6. The improvement of claim 5, wherein said projections span arcs of angles defined by 360/2n.
7. The improvement of claim 6, wherein said cavities are dimensioned to match corresponding dimensions of standard stoppered tubes, and said projections have tops dimensioned to be in alignment with the tops of said tubes when said tubes are fully inserted within said cavities.
8. A rotor head for a centrifuge having a drive shaft rotatable about a rotational axis, said rotor head comprising a body having a rotor axis; means for mounting said body on said drive shaft with said rotor axis coincident with said rotational axis; means, on said body, defining a plurality of open-topped cavities inclined upwardly and inwardly toward said rotor axis and located at angularly-spaced intervals about said rotor axis; and means, for supporting exposed tops of tubes placed in said cavities against forces exerted on said tops during rotation of said rotor head by said shaft about said rotor axis, said means for supporting; comprising a crown-shaped configuration of alternating projections and voids; said projections being respectively located radially outwardly of said plurality of cavities, and said voids providing empty spaces between said projections for enabling said tube tops to be grasped for insertion and removal of said tubes.
9. The rotor head of claim 8, wherein said means defining said cavities defines cavities upwardly and inwardly inclined at angles of about 20 relative to said rotor axis.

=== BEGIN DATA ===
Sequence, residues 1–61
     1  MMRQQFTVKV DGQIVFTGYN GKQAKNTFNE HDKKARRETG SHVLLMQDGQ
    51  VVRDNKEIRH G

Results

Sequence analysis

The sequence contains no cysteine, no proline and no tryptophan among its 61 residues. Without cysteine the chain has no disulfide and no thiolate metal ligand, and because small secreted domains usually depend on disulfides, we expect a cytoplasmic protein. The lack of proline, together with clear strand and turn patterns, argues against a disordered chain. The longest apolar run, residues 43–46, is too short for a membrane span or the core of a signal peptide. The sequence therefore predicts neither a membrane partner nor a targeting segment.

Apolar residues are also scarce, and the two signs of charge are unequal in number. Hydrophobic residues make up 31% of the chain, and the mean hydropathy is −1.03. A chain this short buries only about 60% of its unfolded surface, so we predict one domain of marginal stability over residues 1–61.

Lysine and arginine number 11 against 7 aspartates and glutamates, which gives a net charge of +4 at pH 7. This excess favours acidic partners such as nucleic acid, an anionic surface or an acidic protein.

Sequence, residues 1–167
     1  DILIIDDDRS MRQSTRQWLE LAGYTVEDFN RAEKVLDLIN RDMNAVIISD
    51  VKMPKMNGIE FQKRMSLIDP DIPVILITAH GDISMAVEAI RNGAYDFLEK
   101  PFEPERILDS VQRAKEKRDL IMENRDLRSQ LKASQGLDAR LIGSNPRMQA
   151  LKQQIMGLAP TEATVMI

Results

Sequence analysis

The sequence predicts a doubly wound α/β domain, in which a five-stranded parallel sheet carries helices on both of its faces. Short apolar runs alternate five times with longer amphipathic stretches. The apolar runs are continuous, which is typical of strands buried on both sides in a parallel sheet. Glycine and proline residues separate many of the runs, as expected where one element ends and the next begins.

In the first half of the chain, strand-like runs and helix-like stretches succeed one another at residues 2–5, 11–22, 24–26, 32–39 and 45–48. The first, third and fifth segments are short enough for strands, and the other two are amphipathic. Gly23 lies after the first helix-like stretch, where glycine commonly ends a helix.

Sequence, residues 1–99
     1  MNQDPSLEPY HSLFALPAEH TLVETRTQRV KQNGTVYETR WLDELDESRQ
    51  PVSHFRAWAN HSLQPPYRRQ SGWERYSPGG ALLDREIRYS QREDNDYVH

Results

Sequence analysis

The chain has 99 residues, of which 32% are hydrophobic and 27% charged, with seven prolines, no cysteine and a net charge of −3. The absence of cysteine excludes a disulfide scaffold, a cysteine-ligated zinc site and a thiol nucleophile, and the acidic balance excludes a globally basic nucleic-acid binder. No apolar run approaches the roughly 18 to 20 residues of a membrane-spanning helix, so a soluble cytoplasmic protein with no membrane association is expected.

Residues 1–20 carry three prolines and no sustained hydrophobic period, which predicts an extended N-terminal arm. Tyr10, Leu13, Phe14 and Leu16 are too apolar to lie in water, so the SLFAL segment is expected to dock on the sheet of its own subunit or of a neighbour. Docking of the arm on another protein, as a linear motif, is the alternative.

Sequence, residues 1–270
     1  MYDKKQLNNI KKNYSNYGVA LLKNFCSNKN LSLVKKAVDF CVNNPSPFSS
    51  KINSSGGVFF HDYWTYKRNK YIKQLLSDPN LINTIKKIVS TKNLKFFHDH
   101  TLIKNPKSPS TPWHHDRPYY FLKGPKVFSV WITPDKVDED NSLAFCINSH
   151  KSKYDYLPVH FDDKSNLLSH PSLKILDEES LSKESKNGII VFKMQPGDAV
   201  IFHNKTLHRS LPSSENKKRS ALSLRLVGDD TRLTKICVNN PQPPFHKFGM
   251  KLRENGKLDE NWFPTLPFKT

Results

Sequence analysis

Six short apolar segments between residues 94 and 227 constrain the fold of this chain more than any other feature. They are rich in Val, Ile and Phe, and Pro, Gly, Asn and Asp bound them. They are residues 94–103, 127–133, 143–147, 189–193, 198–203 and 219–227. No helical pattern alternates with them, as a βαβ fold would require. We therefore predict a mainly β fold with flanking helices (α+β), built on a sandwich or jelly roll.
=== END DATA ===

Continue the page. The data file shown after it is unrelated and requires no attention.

10. A rotor head for a centrifuge having a drive shaft rotatable about a rotational axis, said rotor head comprising:
a hollow frusto-conical housing assembly having a rotor axis and an upper end, said housing defining a plurality of cavities inclined upwardly and inwardly toward said rotor axis, said cavities having openings at said upper end for receiving a corresponding plurality of tubes therein, with neck ends of the tubes exposed above said openings;
a crown-shaped ring, circumferentially extending about said housing and including portions separated by voids and extending upward beyond said upper end; said extending portions being dimensioned, configured and adapted for providing support for said exposed neck ends at positions located radially outwardly of said openings; and said voids being dimensioned, configured and adapted for providing empty spaces between said projections for enabling said tube neck ends to be grasped; and
means for mounting said housing on the shaft with said rotor axis coincident with said rotational axis.
11. A rotor head for a centrifuge having a drive shaft rotatable about a rotational axis, said head comprising:
a housing having a rotor axis and including a bottom housing portion defining an inner frusto-conical wall, said inner wall having a top and a base and being inclined upwardly and inwardly toward said rotor axis; a top housing portion defining an outer frusto-conical wall, said outer wall having a top and a base and being inclined upwardly and inwardly toward said rotor axis; and first and second flange members respectively joining said tops and bases of said inner and outer walls, for fixing said walls in parallel positions about said rotor axis and defining an annular internal chamber therebetween;
means, located centrally at said top of said inner wall, for mounting said housing on the shaft with said rotor axis coincident with said rotational axis;
means located on said first flange member for defining, with said chamber, a plurality of cavities inclined upwardly and inwardly toward said rotor axis, said cavities housing circular top openings and being parallel to said inner and outer walls and into which a corresponding plurality of sample tubes can be received; and
a crown-shaped ring extending circumferentially about the top of said outer wall and including a plurality of circumferentially angularly-spaced alternating projections and voids, said projections extending upward beyond said circular openings and said voids providing empty spaces between said projections.